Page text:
SINGAPORE: A representative for confectionery firm Twelve Cupcakes pleaded guilty on Thursday (Dec 10) to underpaying seven employees of about S$114,000 in total over two years.
For 15 charges under the Employment of Foreign Manpower Act, with another 14 similar charges taken into consideration, the prosecution is seeking a fine of S$127,000.
In mitigation, the defence said that the new owners, India-based Dhunseri Group, had repaid the foreign employees the full sum owed to them.
He alleged that the new owners had continued the practice that was installed by the previous management.
Twelve Cupcakes was founded in 2011 by former DJ Daniel Ong and his then-wife, actress Jaime Teo. Dhunseri Group acquired 16 outlets from the couple in December 2016 and grew the outlets to 35 in Singapore today.
The court heard that the Ministry of Manpower (MOM) had carried out investigations in December 2018 against the firm after receiving information on contravention of labour laws.
Investigations found that seven employees, ranging from sales executives, customer service executives and a pastry chef, had been issued S-Passes to work for the company.
Under the Employment of Foreign Manpower (Work Passes) Regulations 2012, employers must pay not less than the fixed monthly salary due to the foreign employee for the month, and payment must be made not later than seven days after the end of the salary period.
The investigation found multiple contraventions of the law - Twelve Cupcakes had underpaid the seven foreign employees over about two years between December 2016 and November 2018.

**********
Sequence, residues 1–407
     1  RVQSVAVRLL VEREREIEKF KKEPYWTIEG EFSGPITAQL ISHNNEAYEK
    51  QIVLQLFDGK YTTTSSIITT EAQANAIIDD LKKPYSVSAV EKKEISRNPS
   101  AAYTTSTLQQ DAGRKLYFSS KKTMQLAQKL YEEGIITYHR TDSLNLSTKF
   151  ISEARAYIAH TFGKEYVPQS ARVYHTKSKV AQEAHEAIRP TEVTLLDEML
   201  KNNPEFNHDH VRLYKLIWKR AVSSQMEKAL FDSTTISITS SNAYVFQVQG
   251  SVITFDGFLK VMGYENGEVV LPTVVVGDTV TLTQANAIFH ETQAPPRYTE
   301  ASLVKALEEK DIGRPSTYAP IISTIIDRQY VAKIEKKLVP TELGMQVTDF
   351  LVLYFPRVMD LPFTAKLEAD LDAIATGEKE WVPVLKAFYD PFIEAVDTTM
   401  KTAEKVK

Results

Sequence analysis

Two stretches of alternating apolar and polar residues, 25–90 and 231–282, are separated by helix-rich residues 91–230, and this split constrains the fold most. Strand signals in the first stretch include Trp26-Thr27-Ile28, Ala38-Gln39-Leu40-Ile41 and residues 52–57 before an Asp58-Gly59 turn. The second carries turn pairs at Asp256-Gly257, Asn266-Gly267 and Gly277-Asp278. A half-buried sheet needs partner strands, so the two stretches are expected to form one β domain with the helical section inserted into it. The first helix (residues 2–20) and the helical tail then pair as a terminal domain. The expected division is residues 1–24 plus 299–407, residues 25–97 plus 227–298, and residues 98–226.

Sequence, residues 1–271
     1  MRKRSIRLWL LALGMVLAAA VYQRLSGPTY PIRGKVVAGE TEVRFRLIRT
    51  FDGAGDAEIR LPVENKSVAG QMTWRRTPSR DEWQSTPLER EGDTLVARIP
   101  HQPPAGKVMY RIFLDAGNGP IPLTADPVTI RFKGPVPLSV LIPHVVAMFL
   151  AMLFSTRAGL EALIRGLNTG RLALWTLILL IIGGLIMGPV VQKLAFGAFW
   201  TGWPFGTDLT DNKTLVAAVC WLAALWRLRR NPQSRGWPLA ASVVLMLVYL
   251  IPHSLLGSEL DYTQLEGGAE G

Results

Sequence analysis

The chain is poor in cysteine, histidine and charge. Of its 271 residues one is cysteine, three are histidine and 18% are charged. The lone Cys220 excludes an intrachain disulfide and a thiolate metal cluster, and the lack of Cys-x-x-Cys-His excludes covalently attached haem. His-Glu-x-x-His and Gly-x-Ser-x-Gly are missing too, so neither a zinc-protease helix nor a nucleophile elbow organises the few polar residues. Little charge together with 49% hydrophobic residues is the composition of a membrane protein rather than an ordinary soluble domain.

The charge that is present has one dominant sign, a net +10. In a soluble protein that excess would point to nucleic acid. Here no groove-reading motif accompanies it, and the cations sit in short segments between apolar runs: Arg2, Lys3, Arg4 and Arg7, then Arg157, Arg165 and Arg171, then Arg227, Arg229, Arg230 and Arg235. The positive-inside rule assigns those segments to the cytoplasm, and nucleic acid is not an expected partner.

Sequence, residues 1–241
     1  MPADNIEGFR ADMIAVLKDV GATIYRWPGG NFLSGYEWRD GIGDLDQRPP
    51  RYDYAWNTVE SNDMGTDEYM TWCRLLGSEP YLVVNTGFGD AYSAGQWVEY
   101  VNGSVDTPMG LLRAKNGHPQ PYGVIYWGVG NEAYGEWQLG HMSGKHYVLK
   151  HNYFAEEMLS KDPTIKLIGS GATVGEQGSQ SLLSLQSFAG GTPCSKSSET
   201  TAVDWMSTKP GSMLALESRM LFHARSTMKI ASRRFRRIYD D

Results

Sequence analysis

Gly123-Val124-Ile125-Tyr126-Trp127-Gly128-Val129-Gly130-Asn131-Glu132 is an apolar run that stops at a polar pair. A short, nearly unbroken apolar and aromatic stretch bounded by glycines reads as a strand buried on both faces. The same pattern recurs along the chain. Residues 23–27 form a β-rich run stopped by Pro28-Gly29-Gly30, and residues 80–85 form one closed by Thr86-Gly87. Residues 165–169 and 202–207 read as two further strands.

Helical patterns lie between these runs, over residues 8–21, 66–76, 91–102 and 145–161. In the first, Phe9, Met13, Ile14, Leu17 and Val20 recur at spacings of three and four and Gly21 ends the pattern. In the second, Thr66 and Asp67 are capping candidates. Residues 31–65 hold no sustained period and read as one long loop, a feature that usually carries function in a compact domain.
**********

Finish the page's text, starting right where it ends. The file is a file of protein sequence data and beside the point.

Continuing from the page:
They were promised fixed salaries of between S$2,200 and S$2,600, but given between S$200 and S$1,200 less than that.
OFFENCES DIFFICULT TO DETECT: MOM PROSECUTOR
MOM prosecutor Maximilian Chew sought a fine of S$127,000, noting that the offences were difficult to detect and took place over a considerable period of nearly two years.
Moreover, the company took further steps to conceal the latter part of its offending by crediting the agreed salaries to the employees' accounts then asking them to return the difference in order to avoid a paper trail.
If MOM had not received the information, the company would have most likely continued the offences, said Mr Chew.
He added that the crimes were motivated by profits, pointing to cost savings of about S$114,000 from the underpayments the company made over the period.
The company "never intended" to make the agreed payments, and such a "flagrant breach of the law ought not to be condoned", with a deterrent message sent to like-minded employers, he said.
Mr Chew added that Singapore is heavily reliant on foreign employees in many sectors and there is "enormous public interest" in holding employers fully accountable for their welfare, which includes full and prompt payments of salaries.
PRACTICE INHERITED BUT NOT ACCEPTABLE: DEFENCE
Defence lawyer S Balamurugan from K&L Gates Straits Law said his client accepts that such actions are not acceptable.
While it was the practice under the previous management that foreign employees received less than their fixed salaries, his client "accepts" that the firm should have discontinued the practice immediately when it acquired the business, alleged the lawyer.
"In any event, he accepts his culpability," he added.
He also stressed that full restitution was made, although this was after investigations began - as stated by the prosecution.
The restitution was made before the firm was charged, which shows that the company "has not shied away from taking responsibility at an early stage", said the defence.
Since the incidents, there have been no salary issues for both local and foreign employees despite challenging times, he added.
The judge adjourned sentencing to January.
In response to queries by CNA, former owner Mr Ong said: "Hiring and contracts of foreign labour were handled by a third party external agent. We were only notified when the investigations started in 2019. My lawyers are currently handling the matter of this ongoing case.”
CNA has reached out to Ms Teo.